Do you have a household employee? Don’t ignore the nanny tax

It’s simple enough to overlook this tax related to household employees. But you could be in trouble if you do. Here’s why you’d better pay attention to the nanny tax.

As you review your filing requirements for 2018, make sure you don’t overlook the nanny tax related to household employees. If you have a housekeeper or any other household employee, you could be liable to pay state and federal payroll taxes.

How to know if you must pay the nanny tax

First, you’ll need to determine whether you have a household employee. Generally, this is someone you hire to work in or around your house. It could be a babysitter, nurse, gardener, etc. It doesn’t matter whether they work part-time or full-time, or whether you pay them hourly, weekly, or by the job.

But not everyone who works around your house is an employee. For example, if a lawn service sends someone to cut your grass each week, that person is not your employee.

As a general rule, workers who bring their own tools, do work for multiple customers and/or control when and how they do the work are not your household employees.

Your responsibilities

If you have a household employee, you’ll generally be responsible for 2017 payroll taxes if you paid that individual more than $2,000 last year. However, federal unemployment tax kicks in if you pay more than $1,000 to all domestic employees in any quarter.

It’s not always easy to tell whether you have a household employee, or whether exceptions apply. If in doubt, don’t hesitate to call our office.

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Don’t say yes to a reverse mortgage until you read this!

You’ve likely heard the good and the bad about reverse mortgages. But what’s real? Before you consider this strategy, consider a few key components.

There’s no doubt you’ve seen TV advertisements telling seniors that their lives could improve if they use reverse mortgages to harvest the equity in their homes. They go on to tell you that you can free up money to take an expensive trip, remodel your home or just have fun. It sounds appealing — but is it worth it?

What is a reverse mortgage?

As the name implies, a reverse mortgage is the opposite of a traditional mortgage. With a traditional mortgage, you borrow a sum of money to purchase a home and then pay off the debt over time.

With a reverse mortgage, you receive loan proceeds (as a lump-sum payout, an annuity, a line of credit or a combination of all three) but make no payments as long as you reside in the property. The loan, with any accrued interest, comes due when you move out or pass away. To qualify for a reverse mortgage you need to be 62 or older, own your residence and generally have significant equity in your home.

Unfortunately, reports of abuse regarding aggressive and predatory sales practices are common. Here are a few items to analyze if you’re thinking about a reverse mortgage:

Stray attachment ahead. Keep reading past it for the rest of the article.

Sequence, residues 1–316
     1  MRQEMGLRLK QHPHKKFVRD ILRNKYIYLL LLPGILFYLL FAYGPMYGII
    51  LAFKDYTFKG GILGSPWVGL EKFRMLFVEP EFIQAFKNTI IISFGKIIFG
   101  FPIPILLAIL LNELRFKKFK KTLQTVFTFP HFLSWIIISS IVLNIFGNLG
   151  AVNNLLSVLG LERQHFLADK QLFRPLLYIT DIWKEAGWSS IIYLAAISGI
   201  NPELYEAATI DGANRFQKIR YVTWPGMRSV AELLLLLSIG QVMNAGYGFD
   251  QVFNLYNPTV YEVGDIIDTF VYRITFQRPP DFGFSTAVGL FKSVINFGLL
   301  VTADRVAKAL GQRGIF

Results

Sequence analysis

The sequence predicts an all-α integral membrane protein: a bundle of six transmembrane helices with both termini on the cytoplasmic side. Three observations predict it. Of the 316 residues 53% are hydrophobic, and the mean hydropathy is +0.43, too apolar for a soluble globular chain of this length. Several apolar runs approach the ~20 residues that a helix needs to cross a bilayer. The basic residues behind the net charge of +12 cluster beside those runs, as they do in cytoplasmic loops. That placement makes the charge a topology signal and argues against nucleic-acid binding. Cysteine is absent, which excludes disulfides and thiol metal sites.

• Determine if a reverse mortgage is logical for your situation. Evaluate alternatives. Conventional solutions such as a home-equity loan might be a better answer.
  • Consider the financial ramifications. Reverse mortgages can be expensive. Upfront fees are significant. If you stay in your home just a few years, the effective interest rate can be very high.
  • Be wary of bundled sales pitches. Commission-driven salesmen can push life insurance or various annuity products along with a reverse mortgage. You could end up with products you don’t need.

If you are considering a reverse mortgage, call us. We can help you determine potential tax issues, plus other alternatives.

 

 

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Your tax-time financial review

It’s the new year … and that means it’s time to review your financial affairs. Take advantage of all of that top-of-mind tax-time knowledge and increase your changes of a fiscally sound 2018.

Now is the perfect time to review your financial affairs. You have to gather information to prepare your tax return at this time. Why not take one more step and do something positive for the well being of your wallet?

The following suggestions will help you with your financial review:

  • Talk to your family. You should factor in the financial decisions and goals of your spouse and children.
  • Put your financial goals in writing. Figure out how much money you’ll need to meet each goal, when you’ll need it and how you’ll get it.
  • Create a net worth statement. Create a list of your assets and debts, and compare it to last year’s statement. Are you gaining ground or losing it?
  • Review investment performance. Weigh your investment performance minus the effects of inflation, and compare your progress with your goals. Determine what investments are worth it and what may need to change this year.
  • Protect what you have. Consider the risks of your financial strategies. Your long-term goals may be unobtainable if you lose your present assets or your income potential.
  • Determine if you need the insurance you have — or if you’re missing something. Don’t duplicate employer-provided coverage. Review your coverage annually; don’t just automatically renew policies.
  • Review your will and your estate plan. Did your situation change during 2017? Make appropriate changes to your will and estate plan if it did. Stay informed about the 2018 tax reform changes that affect your plan.

We can help you create an effective 2018 tax strategy for your situation. Give us a call today.

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